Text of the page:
The music is great ... but the recording, my gosh... it is really giving an extra dimension to the music, just perfect:
- wonderful details
- perfect positioning of the instruments
- infinite clarity
- perfectly balanced sound

If I should need to point out a reference disk ... this would be my disk, or at least it would end in my top5. This is not "a" SACD but "the" SACD. I don't want to sound "over positive", but you need to listen to this one ...

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Review by beardawgs January 24, 2008 (5 of 5 found this review helpful)
Performance:   Sonics:  
This is a crowning achievement in the domain of world music from Savall and Alia Vox team following initial musical and cultural exploration of Judeo/Arab influences on the Christian world of middle ages. What started discreetly in Isabela Isabel I, Reina de Castilla - Savall and is explored much further in magnificent double RBCD "Diaspora Sefardi" comes to its natural pinnacle with this one dedicated entirely to traditional music of Mediterranean region of middle ages. As Savall points out in the booklet, the sea that once was not just the melting pot of different cultures and traditions but the bridge and unifying force between them, since the recent Afghanistan conflict has become the division line. (For me personally this issue is particularly close to heart, as I, like many others close to me lost the country we were born in to religious conflict - I grew up on the Mediterranean coast and my musical sub conscience was shaped up to equal measure with all of these influences, abruptly cut off by the bloody war - no further proof needed that politics and culture don't mix at all).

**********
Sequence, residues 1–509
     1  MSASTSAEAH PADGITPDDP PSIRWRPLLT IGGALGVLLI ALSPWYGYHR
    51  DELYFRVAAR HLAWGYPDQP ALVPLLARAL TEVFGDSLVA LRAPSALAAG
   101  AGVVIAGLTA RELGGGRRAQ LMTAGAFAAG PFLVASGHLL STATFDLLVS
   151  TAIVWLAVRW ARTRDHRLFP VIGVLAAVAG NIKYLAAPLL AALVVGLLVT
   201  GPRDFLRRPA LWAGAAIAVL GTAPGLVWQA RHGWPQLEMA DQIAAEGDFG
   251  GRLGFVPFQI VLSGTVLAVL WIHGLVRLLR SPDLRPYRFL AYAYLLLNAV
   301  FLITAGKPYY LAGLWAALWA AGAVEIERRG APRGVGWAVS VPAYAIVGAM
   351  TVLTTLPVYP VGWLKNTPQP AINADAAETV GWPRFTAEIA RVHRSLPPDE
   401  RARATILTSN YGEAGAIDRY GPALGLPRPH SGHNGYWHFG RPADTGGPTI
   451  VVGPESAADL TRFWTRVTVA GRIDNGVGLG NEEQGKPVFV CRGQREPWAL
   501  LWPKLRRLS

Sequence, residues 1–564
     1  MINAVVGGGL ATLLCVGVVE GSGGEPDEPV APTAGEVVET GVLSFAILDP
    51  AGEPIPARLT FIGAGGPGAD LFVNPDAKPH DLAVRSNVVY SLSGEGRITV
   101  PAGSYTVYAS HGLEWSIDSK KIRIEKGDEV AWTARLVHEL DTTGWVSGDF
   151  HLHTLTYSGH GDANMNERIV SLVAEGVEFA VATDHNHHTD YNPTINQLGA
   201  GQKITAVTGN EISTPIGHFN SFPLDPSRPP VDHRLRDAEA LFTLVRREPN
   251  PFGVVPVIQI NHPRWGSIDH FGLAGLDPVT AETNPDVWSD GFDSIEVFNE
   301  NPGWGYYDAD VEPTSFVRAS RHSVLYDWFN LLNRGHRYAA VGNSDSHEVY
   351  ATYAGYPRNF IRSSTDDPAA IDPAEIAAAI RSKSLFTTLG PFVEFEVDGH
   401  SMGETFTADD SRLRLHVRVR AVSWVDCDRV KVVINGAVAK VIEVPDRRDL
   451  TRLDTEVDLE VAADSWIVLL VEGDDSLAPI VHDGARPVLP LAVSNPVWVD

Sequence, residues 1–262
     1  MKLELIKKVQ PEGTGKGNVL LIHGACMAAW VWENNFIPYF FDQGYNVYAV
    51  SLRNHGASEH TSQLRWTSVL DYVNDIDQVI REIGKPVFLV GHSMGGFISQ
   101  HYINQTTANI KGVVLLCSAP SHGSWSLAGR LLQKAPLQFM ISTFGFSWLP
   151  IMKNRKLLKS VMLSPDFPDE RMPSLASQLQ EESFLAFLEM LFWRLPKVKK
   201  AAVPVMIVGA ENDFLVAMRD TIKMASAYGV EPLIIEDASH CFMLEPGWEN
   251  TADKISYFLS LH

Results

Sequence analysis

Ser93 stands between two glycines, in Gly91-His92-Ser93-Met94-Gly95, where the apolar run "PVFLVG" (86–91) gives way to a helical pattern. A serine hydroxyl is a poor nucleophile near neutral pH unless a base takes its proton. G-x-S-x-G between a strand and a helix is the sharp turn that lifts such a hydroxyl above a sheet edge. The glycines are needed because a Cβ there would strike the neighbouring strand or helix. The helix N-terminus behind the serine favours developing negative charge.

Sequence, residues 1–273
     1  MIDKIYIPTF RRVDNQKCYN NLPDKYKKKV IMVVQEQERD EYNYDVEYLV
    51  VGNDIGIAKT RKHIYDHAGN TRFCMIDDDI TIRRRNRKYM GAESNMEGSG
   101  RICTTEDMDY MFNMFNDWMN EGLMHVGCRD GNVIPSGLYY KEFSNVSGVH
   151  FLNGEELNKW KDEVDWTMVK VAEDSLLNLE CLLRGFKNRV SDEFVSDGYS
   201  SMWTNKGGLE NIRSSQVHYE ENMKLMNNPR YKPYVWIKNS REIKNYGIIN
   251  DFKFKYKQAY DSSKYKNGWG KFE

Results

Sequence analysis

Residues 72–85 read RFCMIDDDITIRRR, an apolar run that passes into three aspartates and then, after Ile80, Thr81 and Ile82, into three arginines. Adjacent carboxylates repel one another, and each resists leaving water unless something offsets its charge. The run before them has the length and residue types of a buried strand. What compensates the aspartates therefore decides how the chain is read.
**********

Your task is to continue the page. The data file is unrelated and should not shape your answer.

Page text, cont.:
Personal issues aside, while listening over and over again to this disc, I couldn't escape the feeling that Western (Christian?) music of the period before the Renaissance owes much more to the middle eastern culture than is today willing to admit - not so much in musical terms, but relying heavily on the archetype instruments, later on developed into recognisable forms perfectly suited for what we call today Western music. The fact that the bowing instruments were brought in from the east was one of many revelations I wasn't aware before this. I can't help myself but admiring Jordi Savall and his team for creating yet again a musical release that, for those willing to 'hear' further, cuts much deeper than the music itself.

Six musicians from Afghanistan, Morocco, Israel and Spain + Savall as the unifying force, are world class not just in their technical command of all those weird and wonderful instruments, but masters of creating images and colours in different combinations and set ups. Be it rather famous Sicilian 'Saltarello II' or frenetic 'Laili Djan' from Persia, they sway and engage with musicality brought from within by archetype musical sub-conscience from the times when this music was carried forward from generation to generation by oral tradition. It is impossible to pigeon-hole this disc, and that is the beauty of it. It is as much early music (but not the western idiom of it) as it is world music.

Sound-wise it's a pure perfection - each instrument perfectly balanced within the whole with plenty of air, focused and with natural dynamics. Quality of recording goes behind the technicalities and complements that of the musicianship perfectly.